Tucked into the cellar of an unassuming building in midtown New York City, Le Veau d’Or has been serving the classics of traditional French haute cuisine since 1937. During its heyday, one could find there the likes of Orson Welles, Truman Capote, or Grace Kelly. Nowadays, the Le Veau d’Or quietly caters mostly to elderly regulars and epicures.
Nostalgic decor, perfect service, and a sublime œufs à la neige all aside; we come to sample the tripes à la mode de Caen!
Le Veau d’Or serves a sophisticated version of the dish. A surprisingly generous portion comes piping-hot in a heavy metal tureen. A deep aroma emanates from its precious contents as the lid is removed.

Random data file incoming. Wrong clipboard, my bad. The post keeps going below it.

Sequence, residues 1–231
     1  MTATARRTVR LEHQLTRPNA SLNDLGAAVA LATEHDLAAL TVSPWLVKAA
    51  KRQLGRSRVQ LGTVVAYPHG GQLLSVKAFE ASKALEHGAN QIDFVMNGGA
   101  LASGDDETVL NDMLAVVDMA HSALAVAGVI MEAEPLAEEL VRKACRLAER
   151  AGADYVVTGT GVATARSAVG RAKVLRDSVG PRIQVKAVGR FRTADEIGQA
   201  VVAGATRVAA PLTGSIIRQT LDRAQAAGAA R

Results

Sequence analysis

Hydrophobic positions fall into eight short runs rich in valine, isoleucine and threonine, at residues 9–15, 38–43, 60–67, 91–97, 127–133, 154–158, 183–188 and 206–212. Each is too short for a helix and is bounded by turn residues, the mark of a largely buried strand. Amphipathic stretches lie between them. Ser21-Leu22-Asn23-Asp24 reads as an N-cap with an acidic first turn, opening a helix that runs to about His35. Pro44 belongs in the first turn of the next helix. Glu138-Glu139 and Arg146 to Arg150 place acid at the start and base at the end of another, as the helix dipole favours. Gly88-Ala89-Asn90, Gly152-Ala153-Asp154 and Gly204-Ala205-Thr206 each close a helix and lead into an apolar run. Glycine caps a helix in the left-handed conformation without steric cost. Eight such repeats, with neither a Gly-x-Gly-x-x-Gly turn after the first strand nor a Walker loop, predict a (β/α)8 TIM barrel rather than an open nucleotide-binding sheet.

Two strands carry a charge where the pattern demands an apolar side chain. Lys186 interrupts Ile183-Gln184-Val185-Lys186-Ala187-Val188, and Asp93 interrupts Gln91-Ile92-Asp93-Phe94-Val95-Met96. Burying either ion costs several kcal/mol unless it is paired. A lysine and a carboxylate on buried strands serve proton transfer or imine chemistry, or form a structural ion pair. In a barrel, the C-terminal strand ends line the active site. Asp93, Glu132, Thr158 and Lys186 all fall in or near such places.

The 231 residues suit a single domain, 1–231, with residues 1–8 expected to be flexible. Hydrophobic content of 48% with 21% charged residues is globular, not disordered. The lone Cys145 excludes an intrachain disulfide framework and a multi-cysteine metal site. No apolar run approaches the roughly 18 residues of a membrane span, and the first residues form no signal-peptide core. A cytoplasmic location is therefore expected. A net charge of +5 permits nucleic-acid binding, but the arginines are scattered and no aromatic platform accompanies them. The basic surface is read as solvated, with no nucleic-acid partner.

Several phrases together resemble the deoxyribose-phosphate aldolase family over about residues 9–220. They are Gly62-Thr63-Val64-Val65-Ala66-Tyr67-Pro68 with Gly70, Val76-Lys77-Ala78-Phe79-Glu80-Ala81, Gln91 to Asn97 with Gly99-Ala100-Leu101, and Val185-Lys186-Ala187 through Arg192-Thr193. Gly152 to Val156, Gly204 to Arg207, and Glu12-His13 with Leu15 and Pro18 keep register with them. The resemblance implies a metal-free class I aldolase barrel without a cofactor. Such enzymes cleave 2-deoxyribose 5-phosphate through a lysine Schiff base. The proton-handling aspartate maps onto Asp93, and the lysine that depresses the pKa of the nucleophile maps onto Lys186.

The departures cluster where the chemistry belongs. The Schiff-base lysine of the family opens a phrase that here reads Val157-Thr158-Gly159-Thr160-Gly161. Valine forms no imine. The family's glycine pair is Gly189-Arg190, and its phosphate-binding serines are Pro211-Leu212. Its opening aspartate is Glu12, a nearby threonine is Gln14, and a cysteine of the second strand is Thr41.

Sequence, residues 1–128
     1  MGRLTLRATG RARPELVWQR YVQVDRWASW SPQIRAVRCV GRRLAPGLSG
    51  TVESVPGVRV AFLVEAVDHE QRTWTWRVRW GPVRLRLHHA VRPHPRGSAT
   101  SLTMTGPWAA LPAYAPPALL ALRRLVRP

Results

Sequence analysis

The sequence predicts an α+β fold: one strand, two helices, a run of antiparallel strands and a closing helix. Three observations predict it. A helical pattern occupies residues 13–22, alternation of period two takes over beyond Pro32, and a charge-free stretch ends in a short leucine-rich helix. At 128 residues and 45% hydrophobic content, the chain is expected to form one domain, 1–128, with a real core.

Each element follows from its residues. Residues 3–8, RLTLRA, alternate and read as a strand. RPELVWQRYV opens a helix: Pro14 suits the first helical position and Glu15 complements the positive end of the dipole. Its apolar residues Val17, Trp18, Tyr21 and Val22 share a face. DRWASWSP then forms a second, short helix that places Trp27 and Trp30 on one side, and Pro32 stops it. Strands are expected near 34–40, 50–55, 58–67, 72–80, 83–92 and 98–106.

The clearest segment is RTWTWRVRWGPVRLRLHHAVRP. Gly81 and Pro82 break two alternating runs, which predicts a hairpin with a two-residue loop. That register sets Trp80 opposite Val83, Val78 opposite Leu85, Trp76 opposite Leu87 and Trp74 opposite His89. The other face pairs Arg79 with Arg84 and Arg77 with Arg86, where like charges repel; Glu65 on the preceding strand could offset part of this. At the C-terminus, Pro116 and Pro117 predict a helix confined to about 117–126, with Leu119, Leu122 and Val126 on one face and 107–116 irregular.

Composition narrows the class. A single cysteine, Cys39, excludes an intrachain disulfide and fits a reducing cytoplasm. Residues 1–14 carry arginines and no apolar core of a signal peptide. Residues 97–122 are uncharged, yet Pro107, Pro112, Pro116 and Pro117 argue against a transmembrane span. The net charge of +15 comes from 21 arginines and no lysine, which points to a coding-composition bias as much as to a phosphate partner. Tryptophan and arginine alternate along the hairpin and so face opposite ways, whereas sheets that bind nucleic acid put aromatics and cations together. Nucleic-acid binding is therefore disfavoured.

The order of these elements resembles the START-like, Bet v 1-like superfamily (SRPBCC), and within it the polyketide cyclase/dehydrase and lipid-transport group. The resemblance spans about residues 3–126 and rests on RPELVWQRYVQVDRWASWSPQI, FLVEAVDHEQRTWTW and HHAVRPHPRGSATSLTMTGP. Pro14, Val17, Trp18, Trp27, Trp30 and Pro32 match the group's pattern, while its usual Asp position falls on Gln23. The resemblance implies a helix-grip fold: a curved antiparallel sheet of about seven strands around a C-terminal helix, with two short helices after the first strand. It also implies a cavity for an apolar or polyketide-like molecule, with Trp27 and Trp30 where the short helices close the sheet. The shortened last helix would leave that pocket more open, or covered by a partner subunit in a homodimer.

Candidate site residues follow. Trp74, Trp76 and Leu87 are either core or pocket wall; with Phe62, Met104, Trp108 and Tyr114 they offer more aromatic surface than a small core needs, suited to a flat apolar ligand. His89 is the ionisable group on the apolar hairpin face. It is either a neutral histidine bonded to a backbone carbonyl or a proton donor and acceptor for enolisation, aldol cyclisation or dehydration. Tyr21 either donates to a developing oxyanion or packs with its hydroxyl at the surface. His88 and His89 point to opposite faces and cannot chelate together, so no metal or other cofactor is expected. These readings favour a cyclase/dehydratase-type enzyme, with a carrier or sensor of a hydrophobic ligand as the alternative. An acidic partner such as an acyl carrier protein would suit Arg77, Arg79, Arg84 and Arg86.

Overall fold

The broth is rich, deep, and gelatinous. The flavors are balanced and discernable. Chef Marin Martin’s preparation includes tomato, which reminds me of Patrick Georgin’s recipe. The broth is speckled with parsley. Essence of apple (from calvados or cider) was non-detectable.
The tripe is cooked to perfect tenderness. Only reticulum (honeycomb) is used at Le Veau, and it is served cut into refined strips of approximately ¼”x 2” (as opposed to the tradiational 2”x 2” squares). The carrots and celery are sweet and meaty. Although the use of veal feet is evidenced by the mouth-feel of the broth, I did not find any in the dish proper.
This is a delicious, sophisticated, metropolitan take on the dish that would be just at home served in a silver platter as it would be in an earthenware bowl. Next time you are in NYC, stop by Le Veau d’Or and say “bonjour” (and don’t forget to leave room for the œufs à la neige)!
Review: Tripes à la mode de Caen at Le Veau d’Or
By Guy Docetoni